MA Program Overview

Our MA in History is a flexible advanced degree program supporting students with varied interests and academic backgrounds. Our program brings together recent B.A. students, future and current K-12 teachers, aspiring public historians and community college instructors, as well as, individuals with a scholarly passion for history and those who intend to pursue a Ph.D. in History. We provide the intellectual freedom for students to deepen their knowledge in a variety of subjects through the unique expertise of our faculty. Our faculty is particularly strong in twentieth-century American history, but we also specialize in a variety of topics ranging from ancient civilizations to the modern world.

Our degree program is all-encompassing, but is also grounded in the Bay Area. We encourage our MA students to explore internships, applied history projects, and community engagement opportunities across the region, while also supporting their research in archives and libraries across the nation and here at home in the Bay Area. Our Department also offers a number of "in-house" professional development opportunities, including the organization of and participation in the annual Wanda Washington Student Conference, as well as editing and publishing our award-winning scholarly journal, East Bay Historia. Our department also offers editorial opportunities with the well-regarded publication of the California Historical Society, California History.

Graduate opportunities and financial resources are available through the Office of Graduate Studies

How to Apply

Thank you for your interest in our MA program in History! We are eager to support your successful application. If you have questions about the application process, please write to our Graduate Coordinator, Dr. Jason Daniels at

To ensure timely financial aid and advising consultation, we request that you submit your applications by the following deadlines:

  • For enrollment in Spring Semesters: November 1, by 11:59 PM (PST)
  • For enrollment in Fall Semesters: March 1, by 11:59 PM (PST)

Application to the MA program in History requires three components:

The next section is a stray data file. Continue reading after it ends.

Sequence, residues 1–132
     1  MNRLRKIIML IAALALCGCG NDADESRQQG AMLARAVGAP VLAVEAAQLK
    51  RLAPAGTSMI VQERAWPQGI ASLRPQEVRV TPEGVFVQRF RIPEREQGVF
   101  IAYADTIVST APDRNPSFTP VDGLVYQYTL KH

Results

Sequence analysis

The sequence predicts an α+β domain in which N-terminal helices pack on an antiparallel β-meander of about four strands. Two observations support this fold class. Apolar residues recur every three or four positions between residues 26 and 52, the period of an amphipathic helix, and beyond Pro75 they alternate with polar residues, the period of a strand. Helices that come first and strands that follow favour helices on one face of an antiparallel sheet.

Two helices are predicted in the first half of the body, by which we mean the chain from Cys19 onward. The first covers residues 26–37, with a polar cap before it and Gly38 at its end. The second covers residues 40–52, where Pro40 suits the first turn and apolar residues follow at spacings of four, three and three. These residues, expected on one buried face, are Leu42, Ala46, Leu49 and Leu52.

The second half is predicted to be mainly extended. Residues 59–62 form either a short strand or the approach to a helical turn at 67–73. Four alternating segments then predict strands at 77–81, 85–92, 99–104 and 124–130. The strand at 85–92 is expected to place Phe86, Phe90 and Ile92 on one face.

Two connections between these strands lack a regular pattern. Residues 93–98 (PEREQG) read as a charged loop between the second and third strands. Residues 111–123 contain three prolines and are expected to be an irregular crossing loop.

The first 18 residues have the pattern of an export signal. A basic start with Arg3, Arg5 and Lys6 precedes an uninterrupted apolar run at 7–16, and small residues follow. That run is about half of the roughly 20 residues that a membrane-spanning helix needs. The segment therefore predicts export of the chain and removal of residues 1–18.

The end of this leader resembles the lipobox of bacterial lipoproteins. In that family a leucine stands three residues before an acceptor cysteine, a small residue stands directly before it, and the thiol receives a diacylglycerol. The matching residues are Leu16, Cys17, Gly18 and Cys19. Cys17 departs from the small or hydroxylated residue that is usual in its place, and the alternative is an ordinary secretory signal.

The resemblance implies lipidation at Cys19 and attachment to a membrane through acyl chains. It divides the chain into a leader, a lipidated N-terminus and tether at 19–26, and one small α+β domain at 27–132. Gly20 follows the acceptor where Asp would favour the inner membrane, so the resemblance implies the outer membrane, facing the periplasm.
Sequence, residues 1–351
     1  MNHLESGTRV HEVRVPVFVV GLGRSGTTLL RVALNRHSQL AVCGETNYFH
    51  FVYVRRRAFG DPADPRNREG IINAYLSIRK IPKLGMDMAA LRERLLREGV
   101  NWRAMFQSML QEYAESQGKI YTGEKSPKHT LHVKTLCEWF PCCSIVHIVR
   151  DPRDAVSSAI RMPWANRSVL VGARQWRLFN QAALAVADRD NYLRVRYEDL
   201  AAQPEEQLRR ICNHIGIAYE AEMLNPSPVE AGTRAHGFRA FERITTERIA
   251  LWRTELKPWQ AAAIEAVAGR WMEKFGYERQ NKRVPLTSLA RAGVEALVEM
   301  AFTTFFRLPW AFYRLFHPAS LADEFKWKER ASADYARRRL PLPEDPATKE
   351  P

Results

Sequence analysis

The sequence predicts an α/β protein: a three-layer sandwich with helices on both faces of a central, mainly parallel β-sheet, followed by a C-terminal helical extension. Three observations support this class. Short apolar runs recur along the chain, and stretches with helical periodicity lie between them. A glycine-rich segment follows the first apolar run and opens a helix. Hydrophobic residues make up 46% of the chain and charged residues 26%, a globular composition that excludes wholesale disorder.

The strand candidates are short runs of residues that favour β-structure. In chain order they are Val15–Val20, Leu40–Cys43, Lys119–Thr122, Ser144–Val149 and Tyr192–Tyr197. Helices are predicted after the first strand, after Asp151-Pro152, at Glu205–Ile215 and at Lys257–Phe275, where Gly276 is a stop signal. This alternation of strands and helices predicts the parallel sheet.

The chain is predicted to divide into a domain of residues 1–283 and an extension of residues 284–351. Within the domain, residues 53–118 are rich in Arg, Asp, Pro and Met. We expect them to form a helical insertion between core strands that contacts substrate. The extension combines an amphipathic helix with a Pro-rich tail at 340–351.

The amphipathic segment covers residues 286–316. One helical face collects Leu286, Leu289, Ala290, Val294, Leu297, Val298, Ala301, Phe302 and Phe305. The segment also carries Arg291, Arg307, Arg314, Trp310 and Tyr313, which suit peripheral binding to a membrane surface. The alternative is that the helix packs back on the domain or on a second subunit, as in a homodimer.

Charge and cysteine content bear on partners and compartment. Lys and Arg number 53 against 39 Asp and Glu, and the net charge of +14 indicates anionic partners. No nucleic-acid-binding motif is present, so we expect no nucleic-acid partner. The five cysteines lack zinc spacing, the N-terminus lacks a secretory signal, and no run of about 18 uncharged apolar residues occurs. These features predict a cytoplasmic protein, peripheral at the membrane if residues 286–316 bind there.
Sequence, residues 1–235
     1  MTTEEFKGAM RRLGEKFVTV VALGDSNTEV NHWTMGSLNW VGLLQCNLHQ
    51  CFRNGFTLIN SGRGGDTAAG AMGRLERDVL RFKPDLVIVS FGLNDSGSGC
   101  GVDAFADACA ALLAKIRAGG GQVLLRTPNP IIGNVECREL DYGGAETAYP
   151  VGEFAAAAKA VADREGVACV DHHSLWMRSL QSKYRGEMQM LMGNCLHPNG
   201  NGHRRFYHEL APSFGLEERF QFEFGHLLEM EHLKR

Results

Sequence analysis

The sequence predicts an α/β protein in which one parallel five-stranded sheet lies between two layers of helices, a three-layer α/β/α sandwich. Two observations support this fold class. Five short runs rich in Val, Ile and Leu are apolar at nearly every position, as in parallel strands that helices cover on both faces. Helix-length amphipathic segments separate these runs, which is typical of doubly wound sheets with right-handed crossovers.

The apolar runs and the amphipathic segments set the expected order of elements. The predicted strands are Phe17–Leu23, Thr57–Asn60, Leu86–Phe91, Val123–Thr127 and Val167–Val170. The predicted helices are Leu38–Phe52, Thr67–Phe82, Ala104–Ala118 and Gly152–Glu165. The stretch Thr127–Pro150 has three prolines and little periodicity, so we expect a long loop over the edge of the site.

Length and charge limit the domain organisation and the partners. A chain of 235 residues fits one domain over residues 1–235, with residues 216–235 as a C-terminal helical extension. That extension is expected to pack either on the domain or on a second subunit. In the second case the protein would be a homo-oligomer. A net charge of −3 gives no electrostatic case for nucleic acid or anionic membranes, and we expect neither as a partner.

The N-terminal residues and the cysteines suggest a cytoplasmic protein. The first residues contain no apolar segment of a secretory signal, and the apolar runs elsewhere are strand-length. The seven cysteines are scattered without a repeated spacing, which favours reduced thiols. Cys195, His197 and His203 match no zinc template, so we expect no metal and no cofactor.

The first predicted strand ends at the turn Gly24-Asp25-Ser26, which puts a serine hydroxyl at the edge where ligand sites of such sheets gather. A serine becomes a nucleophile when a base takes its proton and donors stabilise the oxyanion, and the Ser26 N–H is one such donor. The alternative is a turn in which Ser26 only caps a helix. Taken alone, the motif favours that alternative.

Please complete a university application through Cal State Apply, the California State University online application portal. Before initiating this university application, we ask that you review information about our MA program concentrations below. If necessary, you will be able to change your concentration in consultation with our faculty advisors, after you begin the MA program. We recommend that you save the Cal State Apply submission confirmation page for your records.


Request official final transcripts from all colleges and universities attended be sent to California State University, East Bay’s Office of Admissions. Institutions may send electronic transcripts to To be considered official, electronic transcripts must be sent from the institution directly to CSUEB.


In addition to the Cal State Apply application, we require a Departmental Application to assess candidates' interests and preparation for the History MA program. There is no cost associated with completing this online Departmental Application.

This Departmental Application will ask for the required items listed below.

Two letters of recommendation are required.
The Departmental Application form asks for the names and emails of two recommences. Requests for letters go directly to your references, and they can easily provide their letters via a secure link. We prefer letters from academic references over letters from nonacademic employers. Ideally, these letters should be from undergraduate instructors with whom you had sustained contact. Instructors of seminars and small, discussion-based classes will often have the best sense of your skills and interests.

A statement of purpose is required.
Your statement should be a 500-word essay to help our Graduate Committee understand your specific professional and personal goals in seeking an advanced degree in the discipline of history. Our Graduate Committee welcomes sincere statements offering a true reflection of your aspirations and hopes. If you did not undertake a comprehensive study of history as an undergraduate, your statement of purpose can help us to understand your interest in pursuing an MA degree in History.

A writing sample is required.
This should be a 10- to 20-page essay. The essay should be should give us insight into your analytical and creative efforts. A senior thesis or undergraduate seminar paper would be ideal. The sample should highlight your experience working with primary sources, secondary literature, and in making historical arguments.